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Myanmar Refuses To Rescind Controversial Election Law

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Myanmar Refuses To Rescind Controversial Election Law

3/17/2010 12:44 PM ET

Myanmar has refused the Philippines’ call to repeal the controversial election law that denies detained Opposition pro-democracy leader Aung San Suu Kyi participation in the election, expected to be held later this year.

Myanmar’s defiance of calls by international community to rescind the controversial law was reflected Wednesday during a meeting between its Foreign Minister U Nyan Win and his Philippines counterpart Alberto Romulo on the sidelines of the Non-Aligned Movement’s meeting on interfaith dialogue in Manila.

Talking to reporters after the closed door meeting, the Philippines Foreign Secretary said he was disappointed with the meeting because Nyan Win “didn’t talk much.”

Romulo added that when he sought explanation as to why Suu Kyi will be barred from elections, the Myanmar Foreign Minister replied that “that was the law.”

Romulo said Myanmar should live up to its commitment to institute political reforms in the country.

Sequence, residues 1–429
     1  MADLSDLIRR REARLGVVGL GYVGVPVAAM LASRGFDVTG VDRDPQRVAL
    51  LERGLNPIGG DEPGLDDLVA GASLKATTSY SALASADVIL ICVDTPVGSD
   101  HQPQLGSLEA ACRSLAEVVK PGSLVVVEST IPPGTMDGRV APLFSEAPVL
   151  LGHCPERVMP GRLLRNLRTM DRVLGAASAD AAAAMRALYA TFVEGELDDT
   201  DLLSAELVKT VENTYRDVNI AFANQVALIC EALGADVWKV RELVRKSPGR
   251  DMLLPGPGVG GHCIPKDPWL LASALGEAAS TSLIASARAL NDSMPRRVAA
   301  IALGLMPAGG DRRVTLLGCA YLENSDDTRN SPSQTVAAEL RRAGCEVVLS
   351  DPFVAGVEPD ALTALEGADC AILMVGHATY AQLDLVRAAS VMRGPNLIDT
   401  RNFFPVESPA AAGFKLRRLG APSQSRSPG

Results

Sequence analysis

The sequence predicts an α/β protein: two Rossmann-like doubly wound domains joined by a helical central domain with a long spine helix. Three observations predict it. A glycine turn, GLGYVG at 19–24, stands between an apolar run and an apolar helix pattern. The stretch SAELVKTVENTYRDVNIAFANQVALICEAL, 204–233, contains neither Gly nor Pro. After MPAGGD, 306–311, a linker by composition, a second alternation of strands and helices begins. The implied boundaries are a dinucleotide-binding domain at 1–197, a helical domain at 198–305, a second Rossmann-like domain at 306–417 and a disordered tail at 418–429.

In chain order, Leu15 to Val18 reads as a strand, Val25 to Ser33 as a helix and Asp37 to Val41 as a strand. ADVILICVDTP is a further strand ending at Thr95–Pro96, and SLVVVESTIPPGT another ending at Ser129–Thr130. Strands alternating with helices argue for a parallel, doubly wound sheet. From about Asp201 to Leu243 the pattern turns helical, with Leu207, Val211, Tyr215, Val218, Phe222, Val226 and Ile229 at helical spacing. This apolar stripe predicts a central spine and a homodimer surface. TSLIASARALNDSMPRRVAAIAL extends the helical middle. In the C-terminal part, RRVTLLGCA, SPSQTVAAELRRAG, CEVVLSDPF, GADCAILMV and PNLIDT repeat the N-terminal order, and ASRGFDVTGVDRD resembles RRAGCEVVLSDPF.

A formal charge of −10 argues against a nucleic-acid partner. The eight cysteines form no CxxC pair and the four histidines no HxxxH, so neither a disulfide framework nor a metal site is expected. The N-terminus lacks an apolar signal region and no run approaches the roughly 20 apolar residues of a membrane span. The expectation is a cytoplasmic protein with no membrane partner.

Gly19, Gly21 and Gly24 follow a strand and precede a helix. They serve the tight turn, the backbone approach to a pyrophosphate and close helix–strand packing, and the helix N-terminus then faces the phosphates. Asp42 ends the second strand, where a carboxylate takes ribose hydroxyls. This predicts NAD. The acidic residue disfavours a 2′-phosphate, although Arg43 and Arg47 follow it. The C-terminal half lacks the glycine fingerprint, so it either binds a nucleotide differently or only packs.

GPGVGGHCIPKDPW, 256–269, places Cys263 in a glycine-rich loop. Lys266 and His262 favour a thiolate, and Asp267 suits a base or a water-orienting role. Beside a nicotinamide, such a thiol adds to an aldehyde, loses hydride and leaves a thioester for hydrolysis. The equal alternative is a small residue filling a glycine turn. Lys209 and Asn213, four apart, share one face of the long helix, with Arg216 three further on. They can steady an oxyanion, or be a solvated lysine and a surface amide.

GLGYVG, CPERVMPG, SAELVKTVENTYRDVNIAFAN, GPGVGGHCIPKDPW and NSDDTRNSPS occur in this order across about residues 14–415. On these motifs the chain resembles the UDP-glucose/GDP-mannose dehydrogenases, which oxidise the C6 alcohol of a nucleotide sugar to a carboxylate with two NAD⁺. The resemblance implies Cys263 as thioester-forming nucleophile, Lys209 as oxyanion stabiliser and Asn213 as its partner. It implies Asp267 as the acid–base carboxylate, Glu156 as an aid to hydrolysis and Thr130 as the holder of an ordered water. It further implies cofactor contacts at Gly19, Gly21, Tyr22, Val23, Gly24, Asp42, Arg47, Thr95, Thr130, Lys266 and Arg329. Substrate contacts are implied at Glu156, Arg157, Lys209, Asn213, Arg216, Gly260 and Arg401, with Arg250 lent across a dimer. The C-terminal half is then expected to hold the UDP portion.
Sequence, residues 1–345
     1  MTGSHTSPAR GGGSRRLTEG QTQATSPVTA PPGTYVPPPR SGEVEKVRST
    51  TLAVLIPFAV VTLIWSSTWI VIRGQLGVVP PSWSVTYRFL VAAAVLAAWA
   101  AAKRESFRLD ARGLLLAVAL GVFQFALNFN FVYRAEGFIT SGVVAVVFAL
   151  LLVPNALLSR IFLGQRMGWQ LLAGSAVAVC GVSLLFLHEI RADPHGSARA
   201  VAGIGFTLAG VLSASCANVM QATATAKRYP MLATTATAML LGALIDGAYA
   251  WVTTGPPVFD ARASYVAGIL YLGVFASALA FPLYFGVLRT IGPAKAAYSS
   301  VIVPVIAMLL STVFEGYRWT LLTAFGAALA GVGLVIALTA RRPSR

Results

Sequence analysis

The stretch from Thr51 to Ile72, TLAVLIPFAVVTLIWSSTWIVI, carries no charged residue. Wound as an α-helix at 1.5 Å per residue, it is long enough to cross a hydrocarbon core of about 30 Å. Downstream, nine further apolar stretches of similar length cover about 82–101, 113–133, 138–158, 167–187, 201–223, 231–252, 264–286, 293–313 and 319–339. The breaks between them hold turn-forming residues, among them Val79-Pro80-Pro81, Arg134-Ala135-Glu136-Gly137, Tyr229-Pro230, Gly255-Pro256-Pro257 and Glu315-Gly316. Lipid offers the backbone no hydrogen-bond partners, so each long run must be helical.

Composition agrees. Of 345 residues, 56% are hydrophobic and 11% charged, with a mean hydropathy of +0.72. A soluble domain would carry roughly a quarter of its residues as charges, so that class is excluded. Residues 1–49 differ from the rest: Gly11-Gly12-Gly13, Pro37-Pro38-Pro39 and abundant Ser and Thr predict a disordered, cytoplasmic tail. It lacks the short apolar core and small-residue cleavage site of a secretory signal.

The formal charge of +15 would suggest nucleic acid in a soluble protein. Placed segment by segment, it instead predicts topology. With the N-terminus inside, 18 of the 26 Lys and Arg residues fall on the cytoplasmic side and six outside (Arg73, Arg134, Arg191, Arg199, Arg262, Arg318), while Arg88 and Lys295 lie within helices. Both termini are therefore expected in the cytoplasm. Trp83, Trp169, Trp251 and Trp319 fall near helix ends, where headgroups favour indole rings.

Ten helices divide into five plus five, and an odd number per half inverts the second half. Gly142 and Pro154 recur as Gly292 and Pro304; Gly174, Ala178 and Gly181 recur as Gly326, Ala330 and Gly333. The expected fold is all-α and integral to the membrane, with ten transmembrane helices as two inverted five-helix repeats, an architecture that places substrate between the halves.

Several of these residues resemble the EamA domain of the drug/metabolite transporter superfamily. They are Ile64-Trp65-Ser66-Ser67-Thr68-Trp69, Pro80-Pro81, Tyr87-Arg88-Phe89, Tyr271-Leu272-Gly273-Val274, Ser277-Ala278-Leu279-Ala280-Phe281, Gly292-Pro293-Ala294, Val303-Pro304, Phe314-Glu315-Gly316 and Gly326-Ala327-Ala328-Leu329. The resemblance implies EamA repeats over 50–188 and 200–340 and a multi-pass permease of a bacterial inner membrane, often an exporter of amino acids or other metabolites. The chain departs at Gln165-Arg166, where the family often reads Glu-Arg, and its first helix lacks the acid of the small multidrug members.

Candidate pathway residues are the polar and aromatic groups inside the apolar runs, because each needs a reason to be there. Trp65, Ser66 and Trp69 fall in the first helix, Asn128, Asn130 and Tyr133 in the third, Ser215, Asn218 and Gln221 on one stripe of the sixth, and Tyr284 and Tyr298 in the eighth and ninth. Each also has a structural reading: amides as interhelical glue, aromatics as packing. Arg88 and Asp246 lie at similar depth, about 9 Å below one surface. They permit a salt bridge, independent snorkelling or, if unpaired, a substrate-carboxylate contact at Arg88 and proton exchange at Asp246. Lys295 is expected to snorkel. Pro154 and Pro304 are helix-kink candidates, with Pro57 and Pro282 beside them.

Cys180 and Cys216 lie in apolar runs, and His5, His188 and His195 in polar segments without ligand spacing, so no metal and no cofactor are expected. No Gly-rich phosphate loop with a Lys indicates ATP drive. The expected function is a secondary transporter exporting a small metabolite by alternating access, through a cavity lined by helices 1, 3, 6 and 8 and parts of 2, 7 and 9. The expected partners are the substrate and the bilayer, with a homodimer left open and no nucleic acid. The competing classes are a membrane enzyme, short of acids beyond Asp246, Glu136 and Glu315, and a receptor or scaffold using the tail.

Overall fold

He said he will urge his counterparts in the 10-member Association of Southeast Asian Nations (ASEAN) to press Myanmar to repeal the law during the ASEAN Foreign Ministers’ summit to be held in Vietnam’s capital, Hanoi, on April 8.

But ASEAN has a standing policy of non-interference in each others’ internal affairs.

Nyan Win evaded questions by reporters during the Manila conference.

Myanmar’s military government published last week five long-awaited election laws it passed recently, setting the stage for polls it pledged to hold later this year.

The authorities have already made it clear that the Nobel Peace laureate will not be allowed to take part in the polls, as she was married to a British academic. The Myanmarese constitution bans anyone married to a foreign national from holding political office.

The new law tightens the clutches on Suu Kyi, preventing her from leading her own party or playing any role in election campaigning.

The U.S. government has said it will continue to hold political dialogue with Myanmar’s military junta despite “regrettable” new election laws, but vowed that sanctions would remain in place.

The State Department denounced the new laws, saying that it has made a mockery of the democratic process.

Both the United States and the United Nations have accused the country of committing a “gross and systematic violation of human rights.”

Copyright © 2010, Inc. All rights reserved. This material may not be published, broadcast, rewritten or redistributed without prior written consent of RTTNews.

Written by Lwin Aung Soe

March 18, 2010 at 3:59 am

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